Women are brought up to believe that hair is their crowning glory, so when it starts to fall out at an alarming rate we can often panic. There are many reasons for why hair falls out and some are quite complex. However there are some key nutritional deficiencies that can lead to the loss of our lovely locks and we can fix this problem ourselves.
It is quite normal to lose hair every day; in fact the average woman loses between 50 and 100 strands per day! We can also lose more at certain times of the year. For instance late summer is a common time to shed a little extra hair. If it looks like you are losing a lot more than normal or your hair is starting to look at little thin you may want to explore nutritional deficiencies as a cause.
This is a common deficiency in menstruating women, which can lead to hair loss. Low iron can also occur in pregnancy, in women who are training hard and those who eat little or no animal products. Other signs that you might be deficient in iron include fatigue, muscle weakness, feeling light headed, poor memory, breathlessness, brittle nails and cracks in the corners of the mouth. You might also be looking a little pale. If any of these signs ring true for you go visit your GP and get your ferritin (stored iron) tested.
This vitamin is key for DNA replication, creating red blood cells and building new structures and in this way can affect hair loss. Its deficiency signs are very similar to those of iron, so if you are testing your ferritin levels you might also like to check your B12 at the same time. Vegans and vegetarians are one group at risk from B12 deficiencies, but also our B12 levels decrease with age. Women with digestive disorders and those who have been on stomach acid reducing medications long term may also be more likely to have low B12.
This is a nutrient where deficiency is on the increase and can low levels can lead to hair loss. Vitamin D levels are diminishing in New Zealand in women who are protecting their skin with sun cream. This is because one of the key sources of Vitamin D is absorption via sunlight on the skin, so by protecting our skin from harmful UV rays we are losing this nutrient. Vitamin D stimulates hair growth via follicular growth for growing strong hair. Vitamin D deficiency signs are quite subtle like bone pain, so you may just need to assess how much time you are spending in the sun without sun cream and increase you vitamin D foods through sources like oily fish.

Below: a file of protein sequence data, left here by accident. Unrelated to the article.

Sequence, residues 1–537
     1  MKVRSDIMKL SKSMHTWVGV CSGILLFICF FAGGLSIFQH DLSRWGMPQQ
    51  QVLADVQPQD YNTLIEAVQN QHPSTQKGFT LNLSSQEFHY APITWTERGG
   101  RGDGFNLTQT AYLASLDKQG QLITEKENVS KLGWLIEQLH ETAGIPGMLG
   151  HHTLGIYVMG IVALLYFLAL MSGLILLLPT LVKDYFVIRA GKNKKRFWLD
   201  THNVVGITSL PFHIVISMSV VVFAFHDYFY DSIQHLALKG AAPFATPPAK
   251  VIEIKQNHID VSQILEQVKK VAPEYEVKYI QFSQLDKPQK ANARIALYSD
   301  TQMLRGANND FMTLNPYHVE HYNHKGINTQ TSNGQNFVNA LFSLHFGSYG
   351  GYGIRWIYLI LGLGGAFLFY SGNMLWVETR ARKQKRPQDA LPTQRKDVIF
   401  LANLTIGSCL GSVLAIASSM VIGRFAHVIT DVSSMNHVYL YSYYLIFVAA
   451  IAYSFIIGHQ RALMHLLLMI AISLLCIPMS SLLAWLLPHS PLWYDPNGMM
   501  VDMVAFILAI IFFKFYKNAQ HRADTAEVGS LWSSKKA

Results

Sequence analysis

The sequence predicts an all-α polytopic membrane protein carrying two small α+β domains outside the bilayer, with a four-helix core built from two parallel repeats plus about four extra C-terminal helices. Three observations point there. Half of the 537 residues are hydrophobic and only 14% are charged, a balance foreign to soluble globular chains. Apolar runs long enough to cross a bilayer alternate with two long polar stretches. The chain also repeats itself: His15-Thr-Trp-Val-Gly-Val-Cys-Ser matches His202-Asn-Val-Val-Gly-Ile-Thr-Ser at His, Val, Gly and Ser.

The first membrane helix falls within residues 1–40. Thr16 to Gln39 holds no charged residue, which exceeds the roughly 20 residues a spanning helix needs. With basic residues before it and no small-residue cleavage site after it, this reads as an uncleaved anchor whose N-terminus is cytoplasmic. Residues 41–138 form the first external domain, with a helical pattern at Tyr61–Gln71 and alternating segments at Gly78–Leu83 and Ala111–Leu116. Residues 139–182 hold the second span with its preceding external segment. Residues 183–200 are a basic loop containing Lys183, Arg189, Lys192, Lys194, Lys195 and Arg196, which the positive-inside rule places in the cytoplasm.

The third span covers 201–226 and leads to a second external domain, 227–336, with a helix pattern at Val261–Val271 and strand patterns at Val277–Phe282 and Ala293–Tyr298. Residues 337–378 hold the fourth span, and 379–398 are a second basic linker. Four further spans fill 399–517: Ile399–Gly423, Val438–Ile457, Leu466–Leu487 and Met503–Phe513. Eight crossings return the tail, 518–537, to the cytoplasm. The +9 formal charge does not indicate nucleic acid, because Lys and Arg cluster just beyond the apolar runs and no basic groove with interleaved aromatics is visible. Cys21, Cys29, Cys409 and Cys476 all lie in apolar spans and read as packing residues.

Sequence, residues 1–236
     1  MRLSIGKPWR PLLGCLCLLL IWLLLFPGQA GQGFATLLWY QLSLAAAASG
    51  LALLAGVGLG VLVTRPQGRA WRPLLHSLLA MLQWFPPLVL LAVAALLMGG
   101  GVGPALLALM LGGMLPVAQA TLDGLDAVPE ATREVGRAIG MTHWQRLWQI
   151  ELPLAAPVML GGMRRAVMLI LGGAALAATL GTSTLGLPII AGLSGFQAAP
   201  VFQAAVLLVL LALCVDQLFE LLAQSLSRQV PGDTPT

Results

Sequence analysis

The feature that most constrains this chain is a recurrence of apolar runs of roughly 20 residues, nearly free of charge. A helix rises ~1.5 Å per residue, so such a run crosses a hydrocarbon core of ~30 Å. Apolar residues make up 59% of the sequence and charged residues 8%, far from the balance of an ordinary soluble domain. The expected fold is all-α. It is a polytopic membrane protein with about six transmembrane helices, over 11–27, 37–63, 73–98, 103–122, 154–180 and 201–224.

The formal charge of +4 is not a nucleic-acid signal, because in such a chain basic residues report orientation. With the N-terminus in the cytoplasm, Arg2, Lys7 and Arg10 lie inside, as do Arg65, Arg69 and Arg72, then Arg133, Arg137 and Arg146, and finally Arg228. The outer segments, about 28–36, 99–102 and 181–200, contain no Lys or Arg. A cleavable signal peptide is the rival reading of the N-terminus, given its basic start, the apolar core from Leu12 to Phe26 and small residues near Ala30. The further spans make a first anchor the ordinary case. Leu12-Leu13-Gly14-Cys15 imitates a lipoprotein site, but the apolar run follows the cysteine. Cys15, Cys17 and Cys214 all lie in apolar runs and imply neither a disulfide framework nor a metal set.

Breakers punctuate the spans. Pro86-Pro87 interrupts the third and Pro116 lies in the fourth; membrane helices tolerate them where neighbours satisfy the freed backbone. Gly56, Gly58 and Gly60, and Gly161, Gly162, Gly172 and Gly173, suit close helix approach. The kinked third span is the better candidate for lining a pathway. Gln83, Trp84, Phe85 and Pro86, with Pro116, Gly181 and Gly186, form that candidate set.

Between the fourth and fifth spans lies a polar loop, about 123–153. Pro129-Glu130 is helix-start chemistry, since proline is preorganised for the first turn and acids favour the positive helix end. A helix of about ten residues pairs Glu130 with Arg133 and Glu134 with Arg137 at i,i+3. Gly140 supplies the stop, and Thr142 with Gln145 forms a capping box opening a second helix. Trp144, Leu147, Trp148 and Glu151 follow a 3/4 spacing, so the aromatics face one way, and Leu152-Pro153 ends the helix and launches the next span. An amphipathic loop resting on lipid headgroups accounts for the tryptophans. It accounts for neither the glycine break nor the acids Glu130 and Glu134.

This mineral is important for hair in a number of different ways. Zinc is needed to utilize proteins to build hair and start hair growing. It is also important for hormones that can affect hair loss, so low zinc is often associated with excessive hair loss. If you are wondering if you are low in zinc other deficiency signs include stretch marks, white spots on the nails, mouth ulcers, poor wound healing, immunity, appetite, sense of taste and smell.
Iodine and selenium
Iodine and selenium are nutrients which are low in NZ soil and their deficiency in the body can result in poor thyroid function. This is because they are essential for the production of thyroid hormones and women are at greater risk of low thyroid function. Hair loss is a common symptom of low one of the results of this condition. If you are wondering if you have low thyroid function other signs include weight gain or the inability to lose weight, feeling the cold more than others, constant fatigue, low mood and constipation. If these signs and symptoms sound like you then go to see you GP and ask to have your thyroid hormones tested.